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Thank You!

January 11th, 2018 | Posted by Lee

Watertown Daily Times editorial makes the point. Breaking ice to get ships to locks they can’t get through once they’re there just doesn’t make sense.

   Watertown Daily Times, January 11, 2018

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With Ship Still Stuck, Silence from the Seaway – Updated

January 5th, 2018 | Posted by Lee

Since Tuesday, the Federal Biscay, a 650+ long bulk carrier, has been stuck in the Snell Lock near Massena, the last U.S. lock on the St. Lawrence River. Up River four more ships wait for it to be cleared.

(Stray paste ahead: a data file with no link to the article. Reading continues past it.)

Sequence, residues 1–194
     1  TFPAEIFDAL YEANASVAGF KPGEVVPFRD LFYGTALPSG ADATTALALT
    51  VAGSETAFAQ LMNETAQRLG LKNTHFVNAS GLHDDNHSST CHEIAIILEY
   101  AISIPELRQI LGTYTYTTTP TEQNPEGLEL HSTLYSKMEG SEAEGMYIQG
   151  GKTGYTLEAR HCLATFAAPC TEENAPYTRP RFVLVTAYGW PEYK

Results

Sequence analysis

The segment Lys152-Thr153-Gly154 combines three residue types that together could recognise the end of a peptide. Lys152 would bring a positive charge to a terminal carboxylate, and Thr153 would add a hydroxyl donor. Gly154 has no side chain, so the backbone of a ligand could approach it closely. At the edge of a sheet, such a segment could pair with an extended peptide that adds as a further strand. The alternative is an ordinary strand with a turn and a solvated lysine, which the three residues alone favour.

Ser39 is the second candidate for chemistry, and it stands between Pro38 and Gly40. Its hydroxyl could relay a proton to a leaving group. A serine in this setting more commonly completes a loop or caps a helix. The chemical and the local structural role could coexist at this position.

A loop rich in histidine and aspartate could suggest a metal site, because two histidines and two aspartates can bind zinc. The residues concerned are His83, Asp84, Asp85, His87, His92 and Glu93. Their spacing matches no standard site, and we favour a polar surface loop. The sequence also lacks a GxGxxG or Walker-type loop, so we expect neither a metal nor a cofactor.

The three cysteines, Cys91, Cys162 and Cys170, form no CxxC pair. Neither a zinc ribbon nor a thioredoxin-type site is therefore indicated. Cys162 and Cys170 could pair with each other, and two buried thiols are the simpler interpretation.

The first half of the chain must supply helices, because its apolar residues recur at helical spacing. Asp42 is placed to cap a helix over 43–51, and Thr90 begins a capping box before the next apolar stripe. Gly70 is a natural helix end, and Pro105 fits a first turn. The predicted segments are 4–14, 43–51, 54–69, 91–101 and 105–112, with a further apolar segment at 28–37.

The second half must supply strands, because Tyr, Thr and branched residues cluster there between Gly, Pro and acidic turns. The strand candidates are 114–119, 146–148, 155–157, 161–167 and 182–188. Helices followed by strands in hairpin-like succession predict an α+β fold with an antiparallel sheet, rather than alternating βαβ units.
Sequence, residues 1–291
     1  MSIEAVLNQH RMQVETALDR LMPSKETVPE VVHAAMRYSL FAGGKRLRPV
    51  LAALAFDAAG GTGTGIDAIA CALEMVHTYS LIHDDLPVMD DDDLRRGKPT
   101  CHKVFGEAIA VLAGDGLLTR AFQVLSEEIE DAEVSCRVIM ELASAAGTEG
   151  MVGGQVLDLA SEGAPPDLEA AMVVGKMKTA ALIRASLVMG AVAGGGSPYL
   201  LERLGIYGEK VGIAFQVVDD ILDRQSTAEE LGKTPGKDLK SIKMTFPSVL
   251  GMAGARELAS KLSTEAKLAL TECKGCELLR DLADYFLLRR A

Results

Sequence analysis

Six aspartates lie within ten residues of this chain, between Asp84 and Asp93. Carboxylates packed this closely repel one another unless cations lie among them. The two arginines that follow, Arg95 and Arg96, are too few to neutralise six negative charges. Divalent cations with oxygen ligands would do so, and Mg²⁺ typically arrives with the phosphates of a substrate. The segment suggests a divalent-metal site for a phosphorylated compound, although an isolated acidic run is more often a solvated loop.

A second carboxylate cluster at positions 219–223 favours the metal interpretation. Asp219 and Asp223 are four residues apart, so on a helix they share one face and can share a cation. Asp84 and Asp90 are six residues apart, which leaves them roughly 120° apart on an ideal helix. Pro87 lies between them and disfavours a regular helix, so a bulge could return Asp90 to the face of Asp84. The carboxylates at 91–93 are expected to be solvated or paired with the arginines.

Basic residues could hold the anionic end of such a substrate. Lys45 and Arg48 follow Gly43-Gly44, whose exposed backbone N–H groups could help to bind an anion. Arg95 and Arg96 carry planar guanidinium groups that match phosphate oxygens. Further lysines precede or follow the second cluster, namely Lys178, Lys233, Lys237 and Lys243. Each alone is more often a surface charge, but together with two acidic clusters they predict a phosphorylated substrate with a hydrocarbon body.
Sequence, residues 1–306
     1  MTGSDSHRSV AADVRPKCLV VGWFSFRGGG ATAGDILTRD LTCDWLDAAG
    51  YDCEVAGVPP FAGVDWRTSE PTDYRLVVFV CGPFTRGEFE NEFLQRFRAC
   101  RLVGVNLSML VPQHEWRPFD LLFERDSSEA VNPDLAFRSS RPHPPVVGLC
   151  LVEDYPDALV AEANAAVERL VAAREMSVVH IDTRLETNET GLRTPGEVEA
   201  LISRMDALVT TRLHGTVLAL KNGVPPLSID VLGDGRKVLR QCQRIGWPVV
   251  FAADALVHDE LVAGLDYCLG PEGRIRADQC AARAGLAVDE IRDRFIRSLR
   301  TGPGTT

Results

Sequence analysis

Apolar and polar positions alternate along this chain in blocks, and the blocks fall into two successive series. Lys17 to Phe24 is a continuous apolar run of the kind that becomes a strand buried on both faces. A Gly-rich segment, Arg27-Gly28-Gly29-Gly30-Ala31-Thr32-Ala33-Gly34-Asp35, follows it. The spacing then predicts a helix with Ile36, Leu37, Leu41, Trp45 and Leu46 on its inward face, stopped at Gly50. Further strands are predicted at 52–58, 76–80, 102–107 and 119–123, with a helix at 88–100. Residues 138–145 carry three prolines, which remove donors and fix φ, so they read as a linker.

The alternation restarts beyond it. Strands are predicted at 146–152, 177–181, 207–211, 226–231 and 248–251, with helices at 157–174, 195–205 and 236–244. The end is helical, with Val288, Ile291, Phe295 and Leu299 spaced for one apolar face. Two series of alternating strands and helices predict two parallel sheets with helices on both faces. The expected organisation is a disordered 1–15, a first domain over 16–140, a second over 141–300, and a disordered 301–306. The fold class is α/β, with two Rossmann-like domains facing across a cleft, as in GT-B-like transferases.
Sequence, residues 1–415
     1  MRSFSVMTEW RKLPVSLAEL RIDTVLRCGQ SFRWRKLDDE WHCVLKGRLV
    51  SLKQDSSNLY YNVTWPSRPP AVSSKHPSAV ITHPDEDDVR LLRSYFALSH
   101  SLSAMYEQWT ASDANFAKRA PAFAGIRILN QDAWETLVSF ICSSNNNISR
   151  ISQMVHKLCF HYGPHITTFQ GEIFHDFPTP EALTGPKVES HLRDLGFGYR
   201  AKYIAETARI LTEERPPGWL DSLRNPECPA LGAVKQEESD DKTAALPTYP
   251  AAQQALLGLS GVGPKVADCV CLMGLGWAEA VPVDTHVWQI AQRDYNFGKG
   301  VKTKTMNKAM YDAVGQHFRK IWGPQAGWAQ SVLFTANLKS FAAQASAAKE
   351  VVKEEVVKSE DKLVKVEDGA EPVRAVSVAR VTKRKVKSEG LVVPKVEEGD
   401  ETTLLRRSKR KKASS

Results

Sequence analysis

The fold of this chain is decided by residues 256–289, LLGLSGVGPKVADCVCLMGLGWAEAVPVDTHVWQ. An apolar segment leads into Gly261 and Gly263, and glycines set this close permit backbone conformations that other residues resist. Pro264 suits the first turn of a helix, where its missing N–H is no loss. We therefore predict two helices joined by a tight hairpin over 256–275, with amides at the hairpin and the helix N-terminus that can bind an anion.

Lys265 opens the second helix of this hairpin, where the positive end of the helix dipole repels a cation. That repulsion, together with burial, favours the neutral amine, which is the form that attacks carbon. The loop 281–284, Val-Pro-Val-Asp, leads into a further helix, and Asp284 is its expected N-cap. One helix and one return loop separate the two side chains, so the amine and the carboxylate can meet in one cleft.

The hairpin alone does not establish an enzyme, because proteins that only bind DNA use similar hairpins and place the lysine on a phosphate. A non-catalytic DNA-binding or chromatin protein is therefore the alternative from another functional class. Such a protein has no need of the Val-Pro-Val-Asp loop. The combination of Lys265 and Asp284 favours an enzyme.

As they sit surrounded by persistent severe cold, more ice is forming on the River, raising the reasonable question of whether and when the Federal Biscay will be freed, allowing it and the other ships to exit the Upper St. Lawrence. Until then, the Seaway, which was supposed to close December 31st, remains open.

Based on the one statement the Seaway has issued it appears this prolonged delay resulted from the ship being allowed to enter the lock with significant ice present on its hull and in the lock.

In the vacuum created by the Seaway’s silence all we have to go on are tweets and social media posts by followers and watchers of shipping on the River. Other than a reported “No further updates” from the Seaway, the press has had to rely on these “sources” as well.

This, in a word, is unacceptable.